One of my favorite aspects of strategic communications is competitive PR. There is something about trying to outmaneuver another company – and another company’s PR team – that is particularly invigorating. Like a game of well-played chess.

But a lot of companies just don’t handle this well. Three of the most common mistakes I see:

1. Knee-jerk reactions – Your main competitor announces something revolutionary or lands great coverage and now every stakeholder on the planet is in your inbox asking what you plan to do about it. Everything else you are working on is put on the back burner as you are forced into reactive mode and try to come up with a way to respond in the moment to something your competitor has probably worked on for months.

2. Giving competitors more airtime than they deserve – Your product/company is vastly superior to your competitor and what better way to prove it than a direct comparison to that competitor! Your execs call them out by name, maybe do a demo using one of their products, answer questions about their capabilities. Your spokespeople spend valuable time talking… about someone else (and probably look a bit petty as they do it).

3. Not expecting competitors to fight back – Your company has been landing some great shots at the competition and it worked (at first). Maybe a clever social campaign or a surprise announcement in front of their big event. But they just landed a great countermove that you weren’t expecting. Cue reactive mode (again).

A More Effective Approach

Now, I know several practitioners who will argue these points – especially that there are valid reasons to react in the moment and also to do very public head-to-head competitive activations. It’s certainly possible to capitalize on the latter, especially if you are a small player picking a fight with your market’s 800-pound gorilla. I’ve done this – and seen it done by others – very effectively.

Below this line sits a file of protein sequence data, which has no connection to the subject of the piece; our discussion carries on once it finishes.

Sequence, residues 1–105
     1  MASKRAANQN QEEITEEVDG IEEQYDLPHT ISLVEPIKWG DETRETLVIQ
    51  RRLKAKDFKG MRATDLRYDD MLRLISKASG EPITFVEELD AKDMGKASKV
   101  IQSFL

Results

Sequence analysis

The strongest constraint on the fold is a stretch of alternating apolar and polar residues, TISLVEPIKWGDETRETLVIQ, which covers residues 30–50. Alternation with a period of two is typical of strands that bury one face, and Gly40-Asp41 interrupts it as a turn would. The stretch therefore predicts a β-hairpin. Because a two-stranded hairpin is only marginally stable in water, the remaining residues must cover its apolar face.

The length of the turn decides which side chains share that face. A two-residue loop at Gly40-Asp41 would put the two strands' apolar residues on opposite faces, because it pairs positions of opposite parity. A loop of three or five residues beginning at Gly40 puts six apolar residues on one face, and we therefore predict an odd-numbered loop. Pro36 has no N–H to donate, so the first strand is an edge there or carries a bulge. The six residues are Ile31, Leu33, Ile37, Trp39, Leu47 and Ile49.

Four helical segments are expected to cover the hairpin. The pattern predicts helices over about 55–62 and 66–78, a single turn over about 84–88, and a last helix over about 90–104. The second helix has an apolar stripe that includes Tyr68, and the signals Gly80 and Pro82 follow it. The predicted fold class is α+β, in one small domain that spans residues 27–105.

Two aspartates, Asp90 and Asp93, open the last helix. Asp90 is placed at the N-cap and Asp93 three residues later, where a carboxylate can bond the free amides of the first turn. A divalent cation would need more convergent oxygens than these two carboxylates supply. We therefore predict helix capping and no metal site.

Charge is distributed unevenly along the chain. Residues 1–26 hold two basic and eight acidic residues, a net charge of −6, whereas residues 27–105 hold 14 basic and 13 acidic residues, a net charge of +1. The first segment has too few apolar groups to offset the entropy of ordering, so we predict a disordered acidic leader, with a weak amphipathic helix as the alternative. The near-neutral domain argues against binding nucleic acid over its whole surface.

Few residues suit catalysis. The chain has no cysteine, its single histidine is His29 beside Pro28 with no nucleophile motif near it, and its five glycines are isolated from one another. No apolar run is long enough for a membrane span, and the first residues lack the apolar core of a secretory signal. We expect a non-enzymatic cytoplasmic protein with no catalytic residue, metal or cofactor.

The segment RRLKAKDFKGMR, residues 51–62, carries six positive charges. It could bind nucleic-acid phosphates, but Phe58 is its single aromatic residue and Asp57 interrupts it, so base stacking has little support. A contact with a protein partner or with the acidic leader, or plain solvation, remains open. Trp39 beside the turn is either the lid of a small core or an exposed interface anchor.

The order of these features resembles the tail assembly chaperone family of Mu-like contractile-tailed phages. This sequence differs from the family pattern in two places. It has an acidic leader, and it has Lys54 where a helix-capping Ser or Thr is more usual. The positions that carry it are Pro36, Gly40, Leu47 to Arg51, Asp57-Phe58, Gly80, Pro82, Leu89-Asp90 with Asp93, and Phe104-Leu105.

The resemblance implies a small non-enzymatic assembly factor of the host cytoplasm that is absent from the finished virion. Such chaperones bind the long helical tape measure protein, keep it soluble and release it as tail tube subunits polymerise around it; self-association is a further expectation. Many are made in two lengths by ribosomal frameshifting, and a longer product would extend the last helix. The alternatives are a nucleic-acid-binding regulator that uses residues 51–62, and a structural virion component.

But in general, the above pitfalls are symptoms of an ad hoc approach to competitive PR. A more effective strategy: an aggressive and deliberate focus on proactively establishing your optimal narrative and driving the industry to that narrative. The key is to do this in advance and as a natural part of your overall communications plan.

What does that mean? Identifying up front the best way to play to your strengths – which logically speaking should be weak spots for others – and then crafting a plan for how to make those strengths the only things that matter in your industry and for customers.

There are lots of ways to do this – a deep dive on tactics is enough for another post or 10 – but the point is to make sure you are in the driver’s seat on shaping the overall industry conversation. As you do this, it’s important to think through what will resonate at that industry level, such as bigger trends or customer insights, and what tools you have to support this point of view over a sustained period of time (third-party advocates, timely research/data, etc.).

It’s also crucial that you think like your competitor: what narrative will they be trying to push and how will they be trying to land it? How will they respond to the narrative you are driving? The idea being to safeguard your approach against that… without getting too distracted along the way or giving them too much of your valuable airtime. You need to play your hand, not into theirs.

I like to do this as part of overall planning since, again, it should naturally align with the rest of a communications program vs. being a bolt-on. I also encourage practitioners to socialize in advance how they intend to approach competitive PR with key stakeholders. Educating people on why it’s important to play the long game and take a more thoughtful approach is easier when they aren’t knocking on your door angry or frustrated about a competitive win and demanding one-off action.

Something to consider if you are still putting pen to paper on your plans for 2024! I’m always here to chat— reach out here if you’d like to continue the conversation.